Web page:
WYOMING — Wyoming is a seismically active state, but the question of whether injection and disposal well activities by industry have contributed to earthquakes in the recent past was the focus of an investigation by the Wyoming State Geological Survey (WSGS).
After evaluating data and records for the entire state, five sites with injection and disposal wells and past earthquakes warranted further investigation. While WSGS geologists found no link at four of the study sites, one site (Site C) near Bairoil, Wyoming (Sweetwater County) may require further research before a determination can be made.
“Recently, there has been concern by other states that seismic events may be related to injection or disposal well operations,” said Tom Drean, director of the WSGS. “Our intent with this unanswered question for Wyoming was to investigate if there has been a link between earthquakes and injection and disposal well operations,” he said. “We will continue to monitor these activities in the future, and provide information to the regulatory agencies responsible for injection and disposal well operations.”
The WSGS conducted the study (Open File Report 2014-05 and plates) based on reported earthquakes and injection and disposal well activities in Wyoming, from 1984 to 2013. Using computer subsurface modeling software WSGS hazards geologists were able to map the wells operating during those years along with recorded earthquake events during the same time period/s.
What is called “induced seismicity” is essentially an earthquake event caused by human activity such as with a mining blast or other mining operations. Occasionally, injection and disposal wells can also cause induced seismicity. Research conducted by the U.S. Geological Survey (USGS) as well as other state and federal agencies has indicated that an earthquake might be triggered by an injection or disposal well in a geologic setting that may already be susceptible to seismic activity.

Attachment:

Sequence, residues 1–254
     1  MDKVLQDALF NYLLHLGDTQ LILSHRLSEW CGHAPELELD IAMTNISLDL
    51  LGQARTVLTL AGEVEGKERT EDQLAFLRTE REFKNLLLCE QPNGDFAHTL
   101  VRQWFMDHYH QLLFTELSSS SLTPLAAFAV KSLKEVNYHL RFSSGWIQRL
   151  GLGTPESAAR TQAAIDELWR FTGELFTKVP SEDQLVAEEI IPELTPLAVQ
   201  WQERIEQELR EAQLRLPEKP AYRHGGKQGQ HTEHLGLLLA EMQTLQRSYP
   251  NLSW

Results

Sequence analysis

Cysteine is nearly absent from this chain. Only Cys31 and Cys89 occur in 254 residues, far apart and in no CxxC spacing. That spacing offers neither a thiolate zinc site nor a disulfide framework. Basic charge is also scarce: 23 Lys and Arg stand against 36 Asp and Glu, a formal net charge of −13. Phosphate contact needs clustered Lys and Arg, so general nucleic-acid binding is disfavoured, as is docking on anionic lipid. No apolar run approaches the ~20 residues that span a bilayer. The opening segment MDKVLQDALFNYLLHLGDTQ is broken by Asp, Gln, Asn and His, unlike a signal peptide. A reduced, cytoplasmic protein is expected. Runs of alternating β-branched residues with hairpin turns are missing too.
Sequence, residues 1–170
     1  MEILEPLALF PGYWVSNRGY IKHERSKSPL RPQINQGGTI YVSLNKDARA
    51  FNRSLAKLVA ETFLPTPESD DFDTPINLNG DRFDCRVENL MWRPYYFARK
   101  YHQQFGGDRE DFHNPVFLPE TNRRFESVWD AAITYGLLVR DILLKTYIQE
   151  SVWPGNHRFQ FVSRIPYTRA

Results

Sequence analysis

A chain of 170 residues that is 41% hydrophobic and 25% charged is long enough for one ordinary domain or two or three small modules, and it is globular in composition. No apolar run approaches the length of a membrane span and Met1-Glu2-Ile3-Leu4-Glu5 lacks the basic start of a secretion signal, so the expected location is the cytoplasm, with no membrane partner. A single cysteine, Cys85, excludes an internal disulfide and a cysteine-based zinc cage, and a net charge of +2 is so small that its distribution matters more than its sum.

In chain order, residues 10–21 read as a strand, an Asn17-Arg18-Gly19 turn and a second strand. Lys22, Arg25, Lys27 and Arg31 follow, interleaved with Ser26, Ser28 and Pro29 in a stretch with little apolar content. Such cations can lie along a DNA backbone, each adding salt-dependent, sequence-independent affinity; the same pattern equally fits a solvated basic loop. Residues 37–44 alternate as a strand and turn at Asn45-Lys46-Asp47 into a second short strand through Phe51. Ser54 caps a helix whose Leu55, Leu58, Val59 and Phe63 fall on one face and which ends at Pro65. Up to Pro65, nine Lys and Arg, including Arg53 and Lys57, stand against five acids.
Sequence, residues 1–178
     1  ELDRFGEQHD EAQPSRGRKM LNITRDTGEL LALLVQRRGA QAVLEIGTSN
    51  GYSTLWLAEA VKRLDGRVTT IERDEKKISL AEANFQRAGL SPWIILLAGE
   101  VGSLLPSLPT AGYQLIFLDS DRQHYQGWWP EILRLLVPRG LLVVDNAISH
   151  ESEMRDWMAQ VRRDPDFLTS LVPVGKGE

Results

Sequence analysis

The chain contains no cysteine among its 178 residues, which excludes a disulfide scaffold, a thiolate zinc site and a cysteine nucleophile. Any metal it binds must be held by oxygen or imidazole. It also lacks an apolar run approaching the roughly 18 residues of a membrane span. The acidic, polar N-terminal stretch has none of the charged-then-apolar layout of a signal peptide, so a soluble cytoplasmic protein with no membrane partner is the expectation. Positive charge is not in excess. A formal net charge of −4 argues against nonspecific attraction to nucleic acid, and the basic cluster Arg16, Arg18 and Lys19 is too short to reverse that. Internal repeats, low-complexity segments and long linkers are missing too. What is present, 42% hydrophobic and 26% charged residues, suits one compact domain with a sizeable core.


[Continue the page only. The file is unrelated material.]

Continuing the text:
According to the U.S. Environmental Projection Agency, an injection well (or disposal well) places fluid underground into porous rock formations, such as sandstone or limestone. Widespread use of injection and disposal wells began in the 1930s to dispose of brine generated during oil production. Injection wells have a range of uses, including CO2 storage, waste disposal, and enhancing oil production.
For this study, WSGS geologists used the USGS Advanced National Seismic System, a worldwide earthquake catalogue, as well as state data on injection and disposal wells located near the earthquake epicenters. Mapping earthquake and injection well activities led to the identification of the five sites requiring further examination.
Injection and disposal well data associated with fluid injection and disposal were acquired from the Wyoming Department of Environmental Quality and the Wyoming Oil and Gas Conservation Commission. The USGS and the Federal Emergency Management Agency (FEMA) provided additional data used for this research.
The WSGS maintains the WSGS Wyoming Earthquake Database, an Internet Map Server illustrating the ever-present seismic activity in Wyoming. This interactive database includes current location information on earthquakes recorded throughout the state, along with downloadable data, including date, time, latitude, longitude, magnitude or intensity, and depth information. (http://ims.wsgs.uwyo.edu/earthquakes/)
“With our ability to track and analyze earthquakes and now injection and disposal wells, we are in a better position to provide knowledge on this issue to the Wyoming Oil and Gas Commission and the Wyoming Department of Environmental Quality,” Drean said.
“Relationships Between Injection and Disposal Well Activities and Known Earthquakes In Wyoming, from 1984 to 2013” (OFR 2014-05) is available on the WSGS website at http://www.wsgs.uwyo.edu/Research/hazards/Earthquakes-Wells.aspx.
–From a press release